Assessment of an 18F-labeled phosphoramidate peptidomimetic as a new prostate-specific membrane antigen-targeted imaging agent for prostate cancer

Suzanne E. Lapi, Hilla Wahnishe, David Pham, Lisa Y. Wu, Jessie R. Nedrow-Byers, Tiancheng Liu, Kaveh Vejdani, Henry F. VanBrocklin, Clifford E. Berkman, Ella F. Jones

Research output: Contribution to journalArticlepeer-review

65 Scopus citations


Prostate-specific membrane antigen (PSMA) is a transmembrane protein commonly found on the surface of late-stage and metastatic prostate cancer and a well-known imaging biomarker for staging and monitoring therapy. Although 111In-labeled capropmab pendetide is the only approved agent available for PSMA imaging, its clinical use is limited because of its slow distribution and clearance that leads to challenging image interpretation. A small-molecule approach using radiolabeled urea-based PSMA inhibitors as imaging agents has shown promise for prostate cancer imaging. The motivation of this work is to explore phosphoramidates as a new class of potent PSMA inhibitors to develop more effective prostate cancer imaging agents with improved specificity and clearance properties. Methods: N-succinimidyl-4-18F- fluorobenzoate (18F-SFB) was conjugated to S-2-((2-(S-4-amino-4- carboxybutanamido)-S-2-carboxyethoxy)-hydroxyphosphorylamino)-pentanedioic acid (Phosphoramidate (1)), yielding S-2-((2-(S-4-(4-18F-fluorobenzamido)- 4-carboxybutanamido)-S-2-carboxyethoxy)hydroxyphosphorylamino)-pentanedioic acid (3). In vivo studies were conducted in mice bearing either LNCaP (PSMA-positive) or PC-3 (PSMA-negative) tumors. PET images were acquired at 1 and 2 h with or without a preinjection of a nonradioactive version of the fluorophosphoramidate. Tissue distribution studies were performed at the end of the 2 h imaging sessions. Results: Phosphoramidate (1) and its fluorobenzamido conjugate (2) were potent inhibitors of PSMA (inhibitory concentration of 50% [IC50], 14 and 0.68 nM, respectively). PSMA-mediated tumor accumulation was noted in the LNCaP versus the PC-3 tumor xenografts. The LNCaP tumor uptake was also blocked by the administration of nonradioactive (2) prior to imaging studies. With the exception of the kidneys, tumor-to-tissue and tumor-to-blood ratios were greater than 5:1 at 2 h. The strong kidney uptake may be due to the known PSMA expression in the mouse kidney, because signifi-cant reduction (>6-fold) in kidney activity was seen in mice injected with (2). Conclusion: 18F-labeled phosphoramidate (3) is a representative of a new class of PSMA targeting peptidomimetic molecules that shows great promise as imaging agents for detecting PSMA+ prostate tumors.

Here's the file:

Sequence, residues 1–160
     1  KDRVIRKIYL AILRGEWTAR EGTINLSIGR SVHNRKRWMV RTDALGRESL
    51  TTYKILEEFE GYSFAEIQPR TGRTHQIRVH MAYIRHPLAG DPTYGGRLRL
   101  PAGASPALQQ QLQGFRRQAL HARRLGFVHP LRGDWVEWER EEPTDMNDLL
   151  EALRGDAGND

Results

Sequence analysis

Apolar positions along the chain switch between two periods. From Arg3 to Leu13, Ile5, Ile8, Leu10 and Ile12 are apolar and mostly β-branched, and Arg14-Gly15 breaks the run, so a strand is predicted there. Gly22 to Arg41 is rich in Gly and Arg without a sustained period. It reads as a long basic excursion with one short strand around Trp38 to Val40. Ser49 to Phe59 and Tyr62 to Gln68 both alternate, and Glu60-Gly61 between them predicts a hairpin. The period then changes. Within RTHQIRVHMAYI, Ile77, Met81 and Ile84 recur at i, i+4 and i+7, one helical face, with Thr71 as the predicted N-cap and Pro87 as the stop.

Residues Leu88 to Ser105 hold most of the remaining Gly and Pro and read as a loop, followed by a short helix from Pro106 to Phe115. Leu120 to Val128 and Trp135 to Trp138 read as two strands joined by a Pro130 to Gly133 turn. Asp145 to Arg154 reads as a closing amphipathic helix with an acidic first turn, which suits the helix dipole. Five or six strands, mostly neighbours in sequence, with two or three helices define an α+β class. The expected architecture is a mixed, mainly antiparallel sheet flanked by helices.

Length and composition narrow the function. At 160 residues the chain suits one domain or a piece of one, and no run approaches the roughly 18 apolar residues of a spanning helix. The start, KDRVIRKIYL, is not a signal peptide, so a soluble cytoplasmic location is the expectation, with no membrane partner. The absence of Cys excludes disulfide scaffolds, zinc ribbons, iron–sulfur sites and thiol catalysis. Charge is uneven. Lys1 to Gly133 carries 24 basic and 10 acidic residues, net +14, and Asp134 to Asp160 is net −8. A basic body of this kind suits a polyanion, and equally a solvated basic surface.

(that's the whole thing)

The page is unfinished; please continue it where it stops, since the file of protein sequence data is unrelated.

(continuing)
Original languageEnglish (US)
Pages (from-to)2042-2048
Number of pages7
JournalJournal of Nuclear Medicine
Issue number12
StatePublished - Dec 1 2009
Externally publishedYes


  • F
  • Molecular imaging
  • PET
  • PSMA
  • Phosphoramidate
  • Prostate cancer
  • Radiopharmaceuticals

ASJC Scopus subject areas

  • Radiology Nuclear Medicine and imaging


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